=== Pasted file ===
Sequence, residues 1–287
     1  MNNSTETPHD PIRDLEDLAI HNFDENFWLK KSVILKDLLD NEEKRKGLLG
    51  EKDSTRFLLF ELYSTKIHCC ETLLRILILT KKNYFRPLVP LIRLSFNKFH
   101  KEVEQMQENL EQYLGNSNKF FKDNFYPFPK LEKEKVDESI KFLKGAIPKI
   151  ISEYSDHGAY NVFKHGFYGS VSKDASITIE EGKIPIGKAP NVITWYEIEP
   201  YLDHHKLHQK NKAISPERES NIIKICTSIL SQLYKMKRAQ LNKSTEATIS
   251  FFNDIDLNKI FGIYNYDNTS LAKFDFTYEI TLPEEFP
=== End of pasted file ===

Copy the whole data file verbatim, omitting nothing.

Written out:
Sequence, residues 1–287
     1  MNNSTETPHD PIRDLEDLAI HNFDENFWLK KSVILKDLLD NEEKRKGLLG
    51  EKDSTRFLLF ELYSTKIHCC ETLLRILILT KKNYFRPLVP LIRLSFNKFH
   101  KEVEQMQENL EQYLGNSNKF FKDNFYPFPK LEKEKVDESI KFLKGAIPKI
   151  ISEYSDHGAY NVFKHGFYGS VSKDASITIE EGKIPIGKAP NVITWYEIEP
   201  YLDHHKLHQK NKAISPERES NIIKICTSIL SQLYKMKRAQ LNKSTEATIS
   251  FFNDIDLNKI FGIYNYDNTS LAKFDFTYEI TLPEEFP